It’s Chamber vs. Chamber in lawsuit over trademark

Two well-known business trade associations are embroiled in a legal battle that could affect which will represent Hispanic businesses, a rising political and economic force, in Washington.

The U.S. Hispanic Chamber of Commerce is accusing its one-time ally, the much larger U.S. Chamber of Commerce, of trying to diminish its influence with Latino business leaders through a trademark fight over the right to use the words “United States” and “chamber of commerce.” The U.S. Hispanic Chamber of Commerce is also claiming that the other Chamber has tried to poach its members by offering them free memberships.

The U.S. Chamber, the nation’s leading business trade group, is an ardent advocate for competition and a liberal immigration policy. But critics contend that in its fight with the rival chamber, it is motivated by fear both of competition and a Hispanic invasion of its turf.

 “We believe that like any other business, they see the opportunity there may be to extend their membership in the Latino community; that’s fair game,” said David Lizarraga, chairman of the U.S. Hispanic chamber. “But they see us as an obstacle. If they remove us from the playing field, then it is completely open.”

The U.S. Chamber has filed two lawsuits against the U.S. Hispanic chamber and the U.S. Hispanic Chamber of Commerce Foundation for trademark infringement. The suits claim that the U.S. Chamber owns the words “United States” and “Chamber of Commerce” exclusively, according to a U.S. Hispanic chamber lawyer who summarized the cases.

If successful, the litigation would force the U.S. Hispanic chamber to drop “United States” and “Chamber of Commerce” from its name.  

But Stephen Bokat, senior vice president and general counsel at the U.S. Chamber, denies the suggestion that it is trying to squash a competitor.

“That’s simply untrue,” he said. “We’re just trying to protect our name because we’re worried that if too many people use our name we will lose the right [to protect against] others from encroaching on the use of U.S. Chamber of Commerce.”

Bokat said his association offered to license its name to the U.S. Hispanic chamber for a nominal sum and “they refused.”

“We had no intention of taking their name, their members or anything else,” said Bokat.
In the last three years, the Hispanic chamber has more than doubled its membership, from 110 member groups to nearly 250.

Its $15 million budget is a fraction of what the U.S. Chamber has. The latter spent more than $30 million just lobbying in the second half of 2006.

The Hispanic chamber is also growing in visibility. This week President Bush addressed a three-day gathering it organized for Hispanic business leaders in Washington.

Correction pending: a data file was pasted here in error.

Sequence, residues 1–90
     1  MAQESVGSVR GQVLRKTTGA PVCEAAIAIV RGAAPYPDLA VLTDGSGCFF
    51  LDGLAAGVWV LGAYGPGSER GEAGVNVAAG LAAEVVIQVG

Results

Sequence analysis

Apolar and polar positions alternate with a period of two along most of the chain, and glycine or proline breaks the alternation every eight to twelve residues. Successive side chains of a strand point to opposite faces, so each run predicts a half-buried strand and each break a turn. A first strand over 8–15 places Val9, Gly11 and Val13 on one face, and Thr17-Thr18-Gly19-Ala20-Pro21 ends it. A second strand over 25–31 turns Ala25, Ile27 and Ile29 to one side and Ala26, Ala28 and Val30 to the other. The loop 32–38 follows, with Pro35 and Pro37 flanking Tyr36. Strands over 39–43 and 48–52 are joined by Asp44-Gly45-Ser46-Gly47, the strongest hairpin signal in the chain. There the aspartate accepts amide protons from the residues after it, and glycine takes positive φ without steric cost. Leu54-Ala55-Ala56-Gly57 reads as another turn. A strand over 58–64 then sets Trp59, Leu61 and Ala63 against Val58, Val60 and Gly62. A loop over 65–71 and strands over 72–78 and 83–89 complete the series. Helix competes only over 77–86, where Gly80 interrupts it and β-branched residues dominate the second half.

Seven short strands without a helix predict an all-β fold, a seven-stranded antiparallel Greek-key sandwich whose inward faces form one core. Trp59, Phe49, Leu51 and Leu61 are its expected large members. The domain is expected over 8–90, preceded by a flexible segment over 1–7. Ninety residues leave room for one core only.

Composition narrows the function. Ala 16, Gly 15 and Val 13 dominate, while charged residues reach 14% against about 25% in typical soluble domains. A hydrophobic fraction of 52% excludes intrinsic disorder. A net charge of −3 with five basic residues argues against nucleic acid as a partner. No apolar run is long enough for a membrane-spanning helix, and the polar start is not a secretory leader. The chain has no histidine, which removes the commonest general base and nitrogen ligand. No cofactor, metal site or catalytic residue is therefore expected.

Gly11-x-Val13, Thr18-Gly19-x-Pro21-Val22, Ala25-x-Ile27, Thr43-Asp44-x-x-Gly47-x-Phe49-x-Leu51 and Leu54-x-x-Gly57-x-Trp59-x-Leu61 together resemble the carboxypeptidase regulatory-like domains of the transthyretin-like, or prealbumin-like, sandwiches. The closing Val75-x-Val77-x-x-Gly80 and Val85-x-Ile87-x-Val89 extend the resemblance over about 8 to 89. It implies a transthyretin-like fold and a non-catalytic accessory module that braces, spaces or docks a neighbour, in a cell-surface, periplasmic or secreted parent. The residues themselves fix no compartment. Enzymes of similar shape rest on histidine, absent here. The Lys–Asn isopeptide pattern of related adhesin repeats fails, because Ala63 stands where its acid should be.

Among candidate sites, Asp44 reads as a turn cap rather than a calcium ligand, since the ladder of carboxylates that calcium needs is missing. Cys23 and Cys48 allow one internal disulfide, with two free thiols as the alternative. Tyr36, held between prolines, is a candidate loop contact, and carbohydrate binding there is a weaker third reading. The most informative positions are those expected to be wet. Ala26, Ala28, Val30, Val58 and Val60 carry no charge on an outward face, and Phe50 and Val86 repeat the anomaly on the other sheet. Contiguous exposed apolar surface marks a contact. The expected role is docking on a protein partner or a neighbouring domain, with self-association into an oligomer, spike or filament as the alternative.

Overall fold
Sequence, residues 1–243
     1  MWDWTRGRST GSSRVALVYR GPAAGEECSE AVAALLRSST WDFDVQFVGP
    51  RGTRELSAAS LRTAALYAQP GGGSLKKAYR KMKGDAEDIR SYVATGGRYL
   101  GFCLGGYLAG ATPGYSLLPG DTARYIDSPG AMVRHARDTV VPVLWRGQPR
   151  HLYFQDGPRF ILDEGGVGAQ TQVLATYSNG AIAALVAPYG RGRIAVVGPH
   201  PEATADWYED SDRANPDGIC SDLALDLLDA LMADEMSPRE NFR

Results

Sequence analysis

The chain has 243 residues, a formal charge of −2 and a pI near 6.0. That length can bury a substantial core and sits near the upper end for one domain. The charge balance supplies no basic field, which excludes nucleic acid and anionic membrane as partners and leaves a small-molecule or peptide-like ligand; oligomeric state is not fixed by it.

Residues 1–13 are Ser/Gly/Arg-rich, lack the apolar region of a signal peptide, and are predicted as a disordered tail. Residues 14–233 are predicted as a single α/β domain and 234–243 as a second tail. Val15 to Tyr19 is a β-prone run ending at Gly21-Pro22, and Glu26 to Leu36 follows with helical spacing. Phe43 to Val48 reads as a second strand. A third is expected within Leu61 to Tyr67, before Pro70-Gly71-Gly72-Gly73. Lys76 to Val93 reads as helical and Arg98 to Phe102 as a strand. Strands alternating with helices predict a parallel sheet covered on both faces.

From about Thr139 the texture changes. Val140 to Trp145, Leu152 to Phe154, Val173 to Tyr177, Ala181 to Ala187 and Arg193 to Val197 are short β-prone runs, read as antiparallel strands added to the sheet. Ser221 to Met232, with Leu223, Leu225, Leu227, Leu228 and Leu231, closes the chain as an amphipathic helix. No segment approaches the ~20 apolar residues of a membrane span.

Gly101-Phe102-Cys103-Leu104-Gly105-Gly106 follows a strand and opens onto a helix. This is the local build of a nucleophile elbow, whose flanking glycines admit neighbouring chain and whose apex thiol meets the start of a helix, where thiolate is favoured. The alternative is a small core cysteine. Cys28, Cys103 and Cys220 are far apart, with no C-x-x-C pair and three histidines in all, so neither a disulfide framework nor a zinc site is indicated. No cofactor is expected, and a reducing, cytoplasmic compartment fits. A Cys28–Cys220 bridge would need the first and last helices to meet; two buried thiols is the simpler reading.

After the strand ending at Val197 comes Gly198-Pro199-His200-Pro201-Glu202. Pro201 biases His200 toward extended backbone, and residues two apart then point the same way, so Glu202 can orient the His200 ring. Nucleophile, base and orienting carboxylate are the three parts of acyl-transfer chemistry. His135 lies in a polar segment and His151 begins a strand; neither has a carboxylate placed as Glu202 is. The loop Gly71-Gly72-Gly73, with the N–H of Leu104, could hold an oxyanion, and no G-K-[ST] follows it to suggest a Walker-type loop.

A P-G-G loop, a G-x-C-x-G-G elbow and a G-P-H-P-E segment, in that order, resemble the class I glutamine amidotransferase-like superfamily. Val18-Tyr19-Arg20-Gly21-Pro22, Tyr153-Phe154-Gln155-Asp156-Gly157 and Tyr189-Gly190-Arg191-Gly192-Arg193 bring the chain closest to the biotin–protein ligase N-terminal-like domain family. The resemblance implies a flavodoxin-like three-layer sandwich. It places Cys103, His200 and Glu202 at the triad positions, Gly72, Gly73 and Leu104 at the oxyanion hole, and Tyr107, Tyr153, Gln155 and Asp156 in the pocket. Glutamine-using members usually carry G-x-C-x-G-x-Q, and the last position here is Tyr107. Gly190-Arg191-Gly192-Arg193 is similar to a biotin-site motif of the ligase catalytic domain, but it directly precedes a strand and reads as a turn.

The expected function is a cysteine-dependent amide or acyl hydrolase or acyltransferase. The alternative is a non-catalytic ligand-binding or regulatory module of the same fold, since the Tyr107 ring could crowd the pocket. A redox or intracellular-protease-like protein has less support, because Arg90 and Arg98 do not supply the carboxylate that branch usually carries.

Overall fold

“We’re seeing membership growing all over the United States,” said Lizarraga. “Maybe we’re being seen for the first time as posing a threat.”

Hispanic chamber officials have decided to use the occasion of this week’s national legislative conference to go public with their trademark fight. They will hold a press conference this afternoon in the Rayburn House office building with members of the Congressional Hispanic Caucus to protest their rival’s litigation. 

The winner could claim to be the main Washington representative of a community projected to reach $1 trillion in total buying power  within two years.

“They want to remove us from the table. … This is about power and influence and money,” said Melinda Guzman, the Hispanic chamber’s general counsel. “This is about eliminating potential competition in a huge and … significant population.”

The two chambers share political philosophies on a variety of issues such as immigration reform that includes a guest worker program. But they are not formally affiliated with one another.

For years, the two groups peacefully coexisted. The Hispanic Chamber of Commerce is 27 years old, and its affiliated foundation has been around for 14 years.

But in 2002, the U.S. Chamber accused the United States Hispanic Chamber of Commerce from trademark infringement.

A year earlier the Hispanic chamber had filed to register its logo, which includes the group’s full name, with the U.S. Patent and Trademark Office.

That dispute is expected to go to trial next year.

Hispanic officials insist the larger Chamber sees the economic writing on the wall, and doesn’t want competition to represent Hispanic businesses.

Pew Hispanic Center projects the total U.S. Hispanic market to reach $1 trillion by the end of 2008. Lizarraga said that Hispanic small businesses are growing twice as fast as other small businesses.
 “It’s obvious that our influence is growing,” said Lizarraga.

Despite the legal battle, Hispanic chamber officials say they have attempted to open up a dialogue with the U.S. Chamber. The Hispanic chamber has, for example, called on the U.S. Chamber to put more Hispanic executives on its board.

But so far, they say Chamber President and CEO Thomas Donohue has rebuffed their efforts to create a dialogue.

Bokat said he knew of no outreach efforts by the Hispanic chamber. He added that Harry Alford, the president of the National Black Chamber of Commerce, was a member of his association’s board of directors and it made no sense that Hispanic leaders would be excluded.

Both the growing economic power and the sheer size of the Hispanic population has attracted more than lobbyists, of course. Politicians are increasingly interested in reaching out to the Hispanic community.

 “We are getting more attention from everybody,” said Lizarraga. “Any corporation that doesn’t target this $1 trillion market that will emerge in the next two years as an opportunity for growth isn’t going to grow.”

Particularly enticing to businesses, Lizarraga said, is that Latino market is largely untapped, whereas other ethic–based markets are mature.